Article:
end of syrup season

I was watching the buds form on the maple tree and wondering when I should pull the spile. Then we had a bunch of kids over playing in the backyard this weekend and one of them pulled it out! I was worried I’d miss a day or two of sap flow which actually makes a difference to the final syrup crop when you’re only dealing with one tree. However, I think it was time and I couldn’t be bothered to put the thing back in again so that was the end of 2011 sap collection. Final yield: 17 litres.

I did the final boil-off this morning and filtered it through a cloth into an old syrup bottle and jar. I’m much more interested in the process of syrup making than I am in the final product so now I have to remember to actually make pancakes and use this stuff up before next spring.

drip, drip, drip

This makes me happy:

syrup 2011

I tapped the tree today. I’m hoping for a repeat of bountiful 2009 and not a repeat of pitiful 2010. The sap is flowing! Stay tuned…

a bad year for maple syrup

By all accounts 2010 is a bad year for maple syrup. Warm weather came early and the trees budded, stopping their early spring rhythm of pumping sap up to the branches during the day and down to the roots at night (dripping a bit in the bucket for us on the way). This year, warm weather meant low sap yields. And when you’re only tapping one tree, as we are, that means one rather modest bottle of syrup.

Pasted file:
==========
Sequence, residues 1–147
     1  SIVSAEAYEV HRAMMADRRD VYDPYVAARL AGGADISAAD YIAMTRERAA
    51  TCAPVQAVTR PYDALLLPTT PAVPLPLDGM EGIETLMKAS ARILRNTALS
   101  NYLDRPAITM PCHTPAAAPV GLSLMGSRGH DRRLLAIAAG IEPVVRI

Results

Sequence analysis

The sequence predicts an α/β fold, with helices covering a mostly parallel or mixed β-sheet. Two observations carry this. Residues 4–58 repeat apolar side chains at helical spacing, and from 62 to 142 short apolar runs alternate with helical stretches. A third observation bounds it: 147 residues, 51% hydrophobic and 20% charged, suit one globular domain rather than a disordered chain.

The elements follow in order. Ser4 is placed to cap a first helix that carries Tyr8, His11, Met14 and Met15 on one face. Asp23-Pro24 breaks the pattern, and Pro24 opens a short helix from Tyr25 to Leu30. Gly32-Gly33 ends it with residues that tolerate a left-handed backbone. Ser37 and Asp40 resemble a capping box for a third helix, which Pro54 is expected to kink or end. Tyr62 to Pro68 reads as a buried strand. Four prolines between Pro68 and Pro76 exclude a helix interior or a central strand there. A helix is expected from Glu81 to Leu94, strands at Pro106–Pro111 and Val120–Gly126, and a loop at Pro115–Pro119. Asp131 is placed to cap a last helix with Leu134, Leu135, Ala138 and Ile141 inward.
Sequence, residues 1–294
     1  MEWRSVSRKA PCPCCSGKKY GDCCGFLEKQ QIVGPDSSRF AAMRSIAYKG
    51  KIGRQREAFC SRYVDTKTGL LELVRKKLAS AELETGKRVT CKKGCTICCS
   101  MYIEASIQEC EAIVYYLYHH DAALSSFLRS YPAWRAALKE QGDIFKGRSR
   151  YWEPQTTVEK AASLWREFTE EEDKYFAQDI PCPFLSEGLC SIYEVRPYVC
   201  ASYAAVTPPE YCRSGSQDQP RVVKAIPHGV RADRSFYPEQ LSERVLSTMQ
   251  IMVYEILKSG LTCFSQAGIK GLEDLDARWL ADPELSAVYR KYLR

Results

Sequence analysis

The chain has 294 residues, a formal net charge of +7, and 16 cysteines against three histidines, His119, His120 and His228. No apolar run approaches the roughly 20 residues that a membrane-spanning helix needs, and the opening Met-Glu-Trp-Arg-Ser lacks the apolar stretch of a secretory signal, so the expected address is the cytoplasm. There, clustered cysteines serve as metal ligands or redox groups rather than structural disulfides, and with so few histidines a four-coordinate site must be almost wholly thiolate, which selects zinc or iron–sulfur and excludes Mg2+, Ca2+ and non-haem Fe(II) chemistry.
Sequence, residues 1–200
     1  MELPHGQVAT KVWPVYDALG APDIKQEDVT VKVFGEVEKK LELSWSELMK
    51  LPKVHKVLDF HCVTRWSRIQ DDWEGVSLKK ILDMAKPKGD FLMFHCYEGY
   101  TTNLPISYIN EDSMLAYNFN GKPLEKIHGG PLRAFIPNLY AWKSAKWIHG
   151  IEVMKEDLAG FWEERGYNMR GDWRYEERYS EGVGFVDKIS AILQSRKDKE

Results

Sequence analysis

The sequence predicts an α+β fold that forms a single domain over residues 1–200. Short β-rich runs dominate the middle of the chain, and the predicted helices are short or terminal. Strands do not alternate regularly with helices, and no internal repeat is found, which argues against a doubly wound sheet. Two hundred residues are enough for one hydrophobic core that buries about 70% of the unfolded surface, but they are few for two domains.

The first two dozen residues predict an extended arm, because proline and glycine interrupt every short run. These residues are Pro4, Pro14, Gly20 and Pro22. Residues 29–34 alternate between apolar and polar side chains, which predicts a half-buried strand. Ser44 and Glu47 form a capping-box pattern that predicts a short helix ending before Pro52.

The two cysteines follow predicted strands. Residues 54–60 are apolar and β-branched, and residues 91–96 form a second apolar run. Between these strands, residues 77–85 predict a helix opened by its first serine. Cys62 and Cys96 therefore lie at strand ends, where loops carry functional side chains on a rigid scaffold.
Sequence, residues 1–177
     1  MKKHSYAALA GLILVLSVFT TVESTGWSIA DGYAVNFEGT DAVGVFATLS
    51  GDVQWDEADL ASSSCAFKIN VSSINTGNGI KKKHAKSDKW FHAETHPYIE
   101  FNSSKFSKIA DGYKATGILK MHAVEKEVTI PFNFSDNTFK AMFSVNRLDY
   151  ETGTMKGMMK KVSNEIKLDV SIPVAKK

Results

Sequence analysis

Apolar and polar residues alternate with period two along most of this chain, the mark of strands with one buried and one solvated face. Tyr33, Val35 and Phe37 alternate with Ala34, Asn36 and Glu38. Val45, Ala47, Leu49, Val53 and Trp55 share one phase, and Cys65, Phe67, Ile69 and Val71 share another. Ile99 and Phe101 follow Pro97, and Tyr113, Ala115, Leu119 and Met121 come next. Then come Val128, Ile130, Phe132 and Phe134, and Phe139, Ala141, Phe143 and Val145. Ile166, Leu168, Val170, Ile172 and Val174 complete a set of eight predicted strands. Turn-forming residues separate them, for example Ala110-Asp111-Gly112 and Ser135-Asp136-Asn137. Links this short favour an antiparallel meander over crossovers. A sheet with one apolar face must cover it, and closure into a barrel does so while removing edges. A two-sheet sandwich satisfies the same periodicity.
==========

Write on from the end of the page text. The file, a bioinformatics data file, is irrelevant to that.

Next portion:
I tapped the tree on March 9th and got almost no sap for a week. We’d already had one very warm weekend and I wondered whether there would be any sap at all this year.

By the end of March we’d had only a few days of real sap flow, with the temperature dipping below zero during the night and above zero during the day. Just when I thought production was picking up, this happened:

Buds. When a maple tree starts budding, the syrup season is over. This year’s yield: just under five litres of sap. Last year we had 18 litres and pulled the spile before it stopped flowing because I couldn’t keep up.

Nevertheless, I wasn’t about to let those five precious litres of sap go to waste so I boiled them off, first outside, and then inside in our smallest pot:

In the end, I turned off the stove before the temperature reached that crucial mark that tells me I have real maple syrup.  I just couldn’t bear the thought of boiling it all away. So I stopped short and we’re left with one small jar of almost-syrup. It tastes like the real thing but it pours a little thinly. Here’s hoping for a longer freeze-and-thaw season in 2011.